Major Agar Adamson of the PPCLI wrote the quote above to his wife Mabel on 16 September 1916, the day after the Canadian Corps had taken the village of Courcelette. He went on to say that casualties had been significant but “We have them now back to their last line and I firmly believe on the run” (220).
Courcelette was the Canadian Corps first real victory since their arrival in France; the narrative until that point was a series of heroic, but disastrous stands at Ypres, Mount Sorrel, Sanctuary Wood, and St Eloi. The attack made use of the creeping barrage, which was relatively new to the Somme battlefield and was perfected by the Canadian Corps at Vimy Ridge seven months later; though not perfect, the barrage helped significantly, suppressing enemy fire and allowing the attacking troops a window of time to reach their objectives.
The second attack on the village itself, performed by the 22nd and 25th battalions in full daylight with no jumping-off trenches, was the stuff of legend. The Allied commander Hubert Gough commented that it was “without parallel in the history of the present campaign” (Campbell, 45), and in his history of the 22nd Battalion , Major Joseph Chaballe noted that Courcelette “tient une place prééminente parmi les brillants faits d’armes des Canadiens durant la guerre”(130).
The tone in Canada at the time, however, was one of mourning; The Calgary Daily Herald ran “Frightful Carnage of Alberta Troops in the Big Drive” as its headline on 18 September 1916 issue, and indeed, loses were extremely heavy. Chaballe counted 7 officers left out of 26 for the 22nd Battalion at the end of their four-day siege in the village, and losses for the first wave battalions, like the PPCLI, were also high. The Somme, already costly, continued to build its reputation as an eater of men.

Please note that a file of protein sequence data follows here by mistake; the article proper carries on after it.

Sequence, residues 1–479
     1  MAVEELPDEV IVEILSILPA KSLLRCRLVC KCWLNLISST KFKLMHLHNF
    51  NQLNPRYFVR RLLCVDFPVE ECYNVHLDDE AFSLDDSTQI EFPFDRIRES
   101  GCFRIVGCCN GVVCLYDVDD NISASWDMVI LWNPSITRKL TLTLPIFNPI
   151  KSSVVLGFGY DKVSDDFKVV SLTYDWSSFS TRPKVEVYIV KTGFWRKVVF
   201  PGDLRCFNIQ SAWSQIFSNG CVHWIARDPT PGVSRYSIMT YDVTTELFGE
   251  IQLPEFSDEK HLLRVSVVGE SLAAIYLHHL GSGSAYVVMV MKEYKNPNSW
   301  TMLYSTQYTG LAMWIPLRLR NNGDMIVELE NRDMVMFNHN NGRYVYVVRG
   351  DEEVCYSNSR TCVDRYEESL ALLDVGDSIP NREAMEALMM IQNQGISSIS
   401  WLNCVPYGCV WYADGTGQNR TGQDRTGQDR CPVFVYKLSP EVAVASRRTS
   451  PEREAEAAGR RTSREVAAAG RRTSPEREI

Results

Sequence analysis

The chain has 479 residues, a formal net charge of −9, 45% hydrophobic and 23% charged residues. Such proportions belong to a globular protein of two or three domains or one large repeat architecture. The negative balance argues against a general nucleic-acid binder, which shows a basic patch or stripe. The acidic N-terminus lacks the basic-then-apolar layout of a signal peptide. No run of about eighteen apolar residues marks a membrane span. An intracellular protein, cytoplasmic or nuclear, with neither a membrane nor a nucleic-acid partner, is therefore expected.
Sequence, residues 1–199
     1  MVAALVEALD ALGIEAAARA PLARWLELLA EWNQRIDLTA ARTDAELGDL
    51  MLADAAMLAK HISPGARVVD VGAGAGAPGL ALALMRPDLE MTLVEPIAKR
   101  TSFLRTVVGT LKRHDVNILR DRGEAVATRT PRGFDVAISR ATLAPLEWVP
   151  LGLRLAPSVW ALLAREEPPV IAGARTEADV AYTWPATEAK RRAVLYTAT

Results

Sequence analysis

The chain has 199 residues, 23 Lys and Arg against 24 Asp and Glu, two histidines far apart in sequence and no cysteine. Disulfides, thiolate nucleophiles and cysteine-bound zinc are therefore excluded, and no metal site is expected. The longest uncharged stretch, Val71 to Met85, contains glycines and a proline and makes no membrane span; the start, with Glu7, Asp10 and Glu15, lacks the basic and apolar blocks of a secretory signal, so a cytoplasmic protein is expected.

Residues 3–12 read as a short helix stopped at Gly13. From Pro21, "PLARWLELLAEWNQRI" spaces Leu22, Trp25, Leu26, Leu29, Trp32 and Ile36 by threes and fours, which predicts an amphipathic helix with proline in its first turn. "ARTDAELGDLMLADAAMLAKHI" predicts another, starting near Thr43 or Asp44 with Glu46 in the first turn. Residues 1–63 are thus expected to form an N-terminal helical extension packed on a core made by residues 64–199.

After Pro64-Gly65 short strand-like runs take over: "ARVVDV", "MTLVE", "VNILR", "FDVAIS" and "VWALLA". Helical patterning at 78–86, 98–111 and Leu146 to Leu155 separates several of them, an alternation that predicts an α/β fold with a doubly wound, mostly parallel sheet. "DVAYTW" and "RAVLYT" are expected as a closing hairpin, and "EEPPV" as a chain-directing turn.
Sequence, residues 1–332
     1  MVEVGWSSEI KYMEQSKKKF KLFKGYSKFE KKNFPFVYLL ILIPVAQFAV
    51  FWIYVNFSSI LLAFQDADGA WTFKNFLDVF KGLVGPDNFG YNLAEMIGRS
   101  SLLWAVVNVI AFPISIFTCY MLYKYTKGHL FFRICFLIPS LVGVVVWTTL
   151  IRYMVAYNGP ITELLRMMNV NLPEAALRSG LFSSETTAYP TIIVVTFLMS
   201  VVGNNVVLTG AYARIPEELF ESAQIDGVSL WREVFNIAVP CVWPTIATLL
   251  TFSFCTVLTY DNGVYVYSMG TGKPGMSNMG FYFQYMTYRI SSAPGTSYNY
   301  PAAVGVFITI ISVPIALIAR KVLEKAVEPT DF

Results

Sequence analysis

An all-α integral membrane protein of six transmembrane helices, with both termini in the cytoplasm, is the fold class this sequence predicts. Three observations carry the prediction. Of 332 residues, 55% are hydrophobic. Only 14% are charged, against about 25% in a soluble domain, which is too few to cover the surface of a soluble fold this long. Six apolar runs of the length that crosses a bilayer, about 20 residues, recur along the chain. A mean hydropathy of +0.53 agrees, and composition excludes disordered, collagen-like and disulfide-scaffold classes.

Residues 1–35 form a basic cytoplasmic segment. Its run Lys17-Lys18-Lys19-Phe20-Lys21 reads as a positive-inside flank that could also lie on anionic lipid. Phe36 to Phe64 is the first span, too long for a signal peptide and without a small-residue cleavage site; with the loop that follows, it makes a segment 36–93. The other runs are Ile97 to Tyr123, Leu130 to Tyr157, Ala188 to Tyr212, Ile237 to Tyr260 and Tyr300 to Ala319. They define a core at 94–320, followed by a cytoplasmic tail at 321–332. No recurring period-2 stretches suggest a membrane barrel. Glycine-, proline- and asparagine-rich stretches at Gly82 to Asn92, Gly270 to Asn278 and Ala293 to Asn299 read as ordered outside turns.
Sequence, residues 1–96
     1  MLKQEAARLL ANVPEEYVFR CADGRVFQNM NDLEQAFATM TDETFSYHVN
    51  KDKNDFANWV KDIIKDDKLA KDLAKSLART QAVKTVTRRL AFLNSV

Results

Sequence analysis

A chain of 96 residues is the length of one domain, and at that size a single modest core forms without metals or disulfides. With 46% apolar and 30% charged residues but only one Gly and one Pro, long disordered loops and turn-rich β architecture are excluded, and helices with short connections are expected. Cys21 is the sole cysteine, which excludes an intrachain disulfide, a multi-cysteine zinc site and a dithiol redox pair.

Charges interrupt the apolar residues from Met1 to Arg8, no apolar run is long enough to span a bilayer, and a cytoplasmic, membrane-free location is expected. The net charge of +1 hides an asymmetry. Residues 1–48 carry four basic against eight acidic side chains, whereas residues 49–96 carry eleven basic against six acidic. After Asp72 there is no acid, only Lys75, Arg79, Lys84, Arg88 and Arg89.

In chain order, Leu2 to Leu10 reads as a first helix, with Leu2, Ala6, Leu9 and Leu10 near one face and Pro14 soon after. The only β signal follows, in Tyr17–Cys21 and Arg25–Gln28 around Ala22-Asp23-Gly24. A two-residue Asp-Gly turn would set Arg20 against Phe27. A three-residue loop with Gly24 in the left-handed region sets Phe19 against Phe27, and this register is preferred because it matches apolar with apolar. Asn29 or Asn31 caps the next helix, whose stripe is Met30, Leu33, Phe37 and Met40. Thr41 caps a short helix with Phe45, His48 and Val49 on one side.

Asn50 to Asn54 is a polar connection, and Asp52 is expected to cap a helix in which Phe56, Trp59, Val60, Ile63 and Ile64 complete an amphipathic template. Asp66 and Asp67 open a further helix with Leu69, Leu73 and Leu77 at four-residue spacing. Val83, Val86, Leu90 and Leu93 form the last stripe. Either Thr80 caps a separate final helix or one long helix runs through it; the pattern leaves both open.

At the time, Courcelette was a source of significant praise for the Canadian troops; 2nd Division commander Major-General Turner used it to rehabilitate his reputation, and that of the division, which had suffered badly after their poor showing at St Eloi in June. Unfortunately, the victory at Courcelette was soon overshadowed by the difficulties the Corps faced at Theipval and Regina Trench in the following months.
Both very difficult objectives, Theipval and Regina Trench were plagued by the same problems that the battalions holding the village had faced on 15 September; lack of reinforcements against repeated German counter attacks that sapped their forward energy and stalled the attacks to long-drawn-out stalemates. By 1917, Courcelette, despite the pride felt by the units who had fought in it, was now under the shadow of Vimy Ridge, where it remains to this day 100 years later.
Looking back at it now, Courcelette was a harbinger of the things that would make the Canadian Corps so successful at Vimy, Hill 70, and the Hundred Days. The creeping barrage, when used properly, was a formidable tool against fortified enemy positions, and with the further development of counter-battery work would become the way to solve the problem of getting soldiers across No Mans Land underneath enemy guns. Smaller, loosely formed groups would also become the norm in 1917, allowing for freer movement against the enemy, and better decision making at the platoon level.
Even though it is not Canada’s best known battle, Courcelette deserves its place in Chaballe’s “brilliant faits d’armes”. A century later, here is our chance to make sure it stays there — remembered and appreciated.
*The two sources used in this piece are:
Campbell, David (2007) “A Forgotten Victory: Courcelette, 15 September 1916,” Canadian Military History: Vol. 16: Iss. 2, Article 4. Available at: http://scholars.wlu.ca/cmh/vol16/iss2/4
Chaballe, Joseph, Histoire du 22e Bataillon canadien-français 1914-1919, Montreal : Les éditions Chantecler Ltée, 1952.